eEnforce MAP minimum advertised price

eEnforce: An Interesting Blend of Technology and Attornies to Address MAP Violators

I’m always on the lookout for interesting solutions to unusual problems because I find the related problem solving that was behind the solutions fascinating to ponder. I also find that talking through the solution helps me to think out of the box, which helps my performance as an analyst. I ran into Cyber Investigation Services years ago when looking into reputation protection and the problems people were having with hostile actors attempting to destroy (defame) their or their companies’ reputations.

They have a new service called eEnforce which focuses on MAP (Minimum Advertised Price) violators, which coincidently was a problem I was asked to address back when I worked at IBM. My team never was able to come up with a viable solution that would scale. A MAP violation is when a customer (not a reseller) buys in high volume to get a deep discount and then resells part of what they bought at or below the price they paid for it. It is a way to game a discount. I even found I had sales reps that were either doing this themselves to max out their incentive plan or advising customers how to do it. It was then a huge problem for us and, apparently, with the emergence of on-line selling resources like Amazon and eBay, it has become a lot worse.

Let’s talk about that this week.

The Problem With MAP Violators

Now this problem is often hard for folks to understand because you’d think that it would be OK to buy and then resell something you bought at any price you wanted to charge for it. But often, the low price charged assumes that the products will be serviced and supported by the buyer or fall under an enterprise support contract which preserves the margins. When a buyer resells the products as new, the new buyer expects support but generally doesn’t have that service contract, nor do they have the capability of servicing themselves. In addition, the product bypasses the vendor’s channel which creates channel conflict (a partner can get upset if they own a region and find someone else selling the same product in that region) and the mechanisms assuring customer satisfaction are also bypassed by this process which can do ugly things to customer satisfaction and the brand.

Back when I did customer satisfaction surveys, we often found that products that were either violating MAP or were Gray Market (illicitly sold in one market from another) did horrid things to customer satisfaction because the buyer didn’t realize or accept the lack of service those products often got. Oh, and products that illicitly cross borders often aren’t homologated for the region they ended up in. This practice means the customer gets something they think will work, and it either won’t or won’t work well due to this lack of regional compatibility.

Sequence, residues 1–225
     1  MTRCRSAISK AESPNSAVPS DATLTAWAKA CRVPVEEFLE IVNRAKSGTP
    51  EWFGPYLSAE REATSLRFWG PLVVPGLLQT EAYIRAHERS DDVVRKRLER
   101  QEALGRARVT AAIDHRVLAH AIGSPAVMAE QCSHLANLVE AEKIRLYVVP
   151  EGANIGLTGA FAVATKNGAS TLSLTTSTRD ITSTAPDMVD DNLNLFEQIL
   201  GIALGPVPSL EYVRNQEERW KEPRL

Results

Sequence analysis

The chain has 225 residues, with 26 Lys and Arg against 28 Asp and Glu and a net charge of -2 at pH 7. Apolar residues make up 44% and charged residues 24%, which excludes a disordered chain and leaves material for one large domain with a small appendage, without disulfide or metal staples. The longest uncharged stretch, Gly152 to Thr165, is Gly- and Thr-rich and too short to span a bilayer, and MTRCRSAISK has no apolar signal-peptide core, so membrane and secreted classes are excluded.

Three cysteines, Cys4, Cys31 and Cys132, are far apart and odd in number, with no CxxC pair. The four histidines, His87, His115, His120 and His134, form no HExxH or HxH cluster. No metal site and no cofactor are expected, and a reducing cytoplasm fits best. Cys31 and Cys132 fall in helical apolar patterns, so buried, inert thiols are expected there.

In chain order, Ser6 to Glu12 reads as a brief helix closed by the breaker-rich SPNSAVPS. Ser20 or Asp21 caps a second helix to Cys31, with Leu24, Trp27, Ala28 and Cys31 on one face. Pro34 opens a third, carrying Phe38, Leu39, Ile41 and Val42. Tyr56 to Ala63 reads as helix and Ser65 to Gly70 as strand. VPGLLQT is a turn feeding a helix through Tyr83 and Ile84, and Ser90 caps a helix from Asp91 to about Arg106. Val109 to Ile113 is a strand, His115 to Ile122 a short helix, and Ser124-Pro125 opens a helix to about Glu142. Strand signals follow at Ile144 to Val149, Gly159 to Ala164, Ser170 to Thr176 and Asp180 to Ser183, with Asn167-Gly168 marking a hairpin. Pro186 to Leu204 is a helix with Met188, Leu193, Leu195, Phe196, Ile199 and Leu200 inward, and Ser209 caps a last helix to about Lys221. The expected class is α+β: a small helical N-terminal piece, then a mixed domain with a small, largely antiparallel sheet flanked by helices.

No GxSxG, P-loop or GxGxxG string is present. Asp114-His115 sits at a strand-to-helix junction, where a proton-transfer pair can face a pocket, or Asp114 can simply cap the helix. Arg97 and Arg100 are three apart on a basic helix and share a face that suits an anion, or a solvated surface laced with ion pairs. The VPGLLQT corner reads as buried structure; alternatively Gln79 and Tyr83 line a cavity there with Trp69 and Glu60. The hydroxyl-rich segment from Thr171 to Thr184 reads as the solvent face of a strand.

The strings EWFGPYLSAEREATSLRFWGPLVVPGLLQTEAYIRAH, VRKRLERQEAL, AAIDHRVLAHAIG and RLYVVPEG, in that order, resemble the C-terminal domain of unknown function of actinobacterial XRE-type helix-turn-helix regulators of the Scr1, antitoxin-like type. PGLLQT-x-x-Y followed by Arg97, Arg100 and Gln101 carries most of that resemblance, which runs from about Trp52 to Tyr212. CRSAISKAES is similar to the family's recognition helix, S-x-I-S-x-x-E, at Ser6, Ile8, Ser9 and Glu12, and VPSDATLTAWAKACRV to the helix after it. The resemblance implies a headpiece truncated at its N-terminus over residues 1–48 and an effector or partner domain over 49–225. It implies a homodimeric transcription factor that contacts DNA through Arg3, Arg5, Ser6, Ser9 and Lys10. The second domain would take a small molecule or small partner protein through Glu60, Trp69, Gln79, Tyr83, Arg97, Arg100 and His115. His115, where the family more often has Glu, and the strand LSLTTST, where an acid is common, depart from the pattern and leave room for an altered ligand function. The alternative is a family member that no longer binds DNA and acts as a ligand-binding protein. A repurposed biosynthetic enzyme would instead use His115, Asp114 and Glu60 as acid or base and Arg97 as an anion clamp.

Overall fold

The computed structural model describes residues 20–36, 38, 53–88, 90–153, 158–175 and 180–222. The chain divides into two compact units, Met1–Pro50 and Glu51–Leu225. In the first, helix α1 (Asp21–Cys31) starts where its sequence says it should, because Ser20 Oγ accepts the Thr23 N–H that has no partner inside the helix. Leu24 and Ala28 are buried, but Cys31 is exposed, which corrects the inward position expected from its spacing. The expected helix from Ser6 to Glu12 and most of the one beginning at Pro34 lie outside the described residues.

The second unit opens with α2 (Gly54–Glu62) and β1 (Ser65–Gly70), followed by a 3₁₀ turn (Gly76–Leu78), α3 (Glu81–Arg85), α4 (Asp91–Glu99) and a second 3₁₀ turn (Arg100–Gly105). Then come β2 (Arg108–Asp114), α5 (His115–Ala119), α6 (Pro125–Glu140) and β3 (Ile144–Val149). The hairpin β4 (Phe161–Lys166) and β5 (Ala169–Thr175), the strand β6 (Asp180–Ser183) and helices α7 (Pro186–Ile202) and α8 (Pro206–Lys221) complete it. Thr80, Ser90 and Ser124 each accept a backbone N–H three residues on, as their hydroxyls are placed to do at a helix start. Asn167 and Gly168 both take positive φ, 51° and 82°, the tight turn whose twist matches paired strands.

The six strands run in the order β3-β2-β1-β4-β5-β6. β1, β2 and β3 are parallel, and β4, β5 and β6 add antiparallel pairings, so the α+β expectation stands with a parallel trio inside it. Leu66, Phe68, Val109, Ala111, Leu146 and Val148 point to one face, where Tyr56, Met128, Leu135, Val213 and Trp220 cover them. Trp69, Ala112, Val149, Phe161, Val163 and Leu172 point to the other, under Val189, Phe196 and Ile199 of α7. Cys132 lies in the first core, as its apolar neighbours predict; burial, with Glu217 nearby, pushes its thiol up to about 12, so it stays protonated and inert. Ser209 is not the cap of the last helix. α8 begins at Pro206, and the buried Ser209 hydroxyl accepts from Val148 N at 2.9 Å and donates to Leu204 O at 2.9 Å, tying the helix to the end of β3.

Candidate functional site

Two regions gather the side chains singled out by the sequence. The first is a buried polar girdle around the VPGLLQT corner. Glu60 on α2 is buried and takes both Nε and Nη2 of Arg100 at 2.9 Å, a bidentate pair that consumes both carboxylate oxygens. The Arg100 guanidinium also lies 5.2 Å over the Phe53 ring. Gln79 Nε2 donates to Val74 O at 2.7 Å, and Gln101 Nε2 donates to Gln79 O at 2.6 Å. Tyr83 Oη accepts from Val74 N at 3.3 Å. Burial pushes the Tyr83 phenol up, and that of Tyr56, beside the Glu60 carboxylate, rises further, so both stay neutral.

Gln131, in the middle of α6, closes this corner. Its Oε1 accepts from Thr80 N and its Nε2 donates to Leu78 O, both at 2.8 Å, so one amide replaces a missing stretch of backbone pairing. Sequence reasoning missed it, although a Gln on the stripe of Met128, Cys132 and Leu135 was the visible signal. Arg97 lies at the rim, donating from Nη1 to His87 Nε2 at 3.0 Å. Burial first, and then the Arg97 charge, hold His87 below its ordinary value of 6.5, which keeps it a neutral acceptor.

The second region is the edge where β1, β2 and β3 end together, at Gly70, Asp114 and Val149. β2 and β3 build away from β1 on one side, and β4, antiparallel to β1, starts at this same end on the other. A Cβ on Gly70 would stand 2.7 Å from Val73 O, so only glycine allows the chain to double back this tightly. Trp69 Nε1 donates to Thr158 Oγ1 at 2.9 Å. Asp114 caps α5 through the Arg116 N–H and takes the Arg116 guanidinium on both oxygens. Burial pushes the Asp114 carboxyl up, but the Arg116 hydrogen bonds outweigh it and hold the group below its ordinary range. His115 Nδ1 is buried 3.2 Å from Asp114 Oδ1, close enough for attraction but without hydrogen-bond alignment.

The end result is margin erosion, brand damage, and lowered customer satisfaction resulting in long term problems for the company.

Fixing The Problem

First, you have to identify the problem—which isn’t easy because that requires broad monitoring of online sales sites specifically looking for high volume activity and new products at unusually low prices. Then you have to formally investigate the problem so you trace back the product to the firm that resold it (often they sell to a reseller of some type) and this requires someone licensed to investigate, and your legal recourse often depends on where the contract violation occurred as well as the language in the sales contract which requires legal expertise.

What makes eEnforce different is they blend technology, investigation, and legal resources into a package that identifies the problem, investigates the cause and then works with the vendor/client to eliminate the cause—protecting the vendor/client’s margins, reputation, and customer satisfaction scores.

Wrapping Up

When I was at IBM, bulk resellers like eBay and Amazon didn’t exist and our products weren’t resold through Walmart. We’d find out about a problem when a sales rep or reseller reported it and then we had to hire investigators to run down the source. Even then, this practice didn’t scale both because my organization was small and we had another full-time job as an Internal Audit function. Back then, a service like eEnforce would have been a godsend and, I expect, it would be for anyone still trying to do that job.

I’m not in that business anymore but because I know there are still folks out there that are, I’m sharing this solution to make their lives better because I truly wish someone had been able to do the same for me back then. Plus I think these out-of-box solutions are fascinating.

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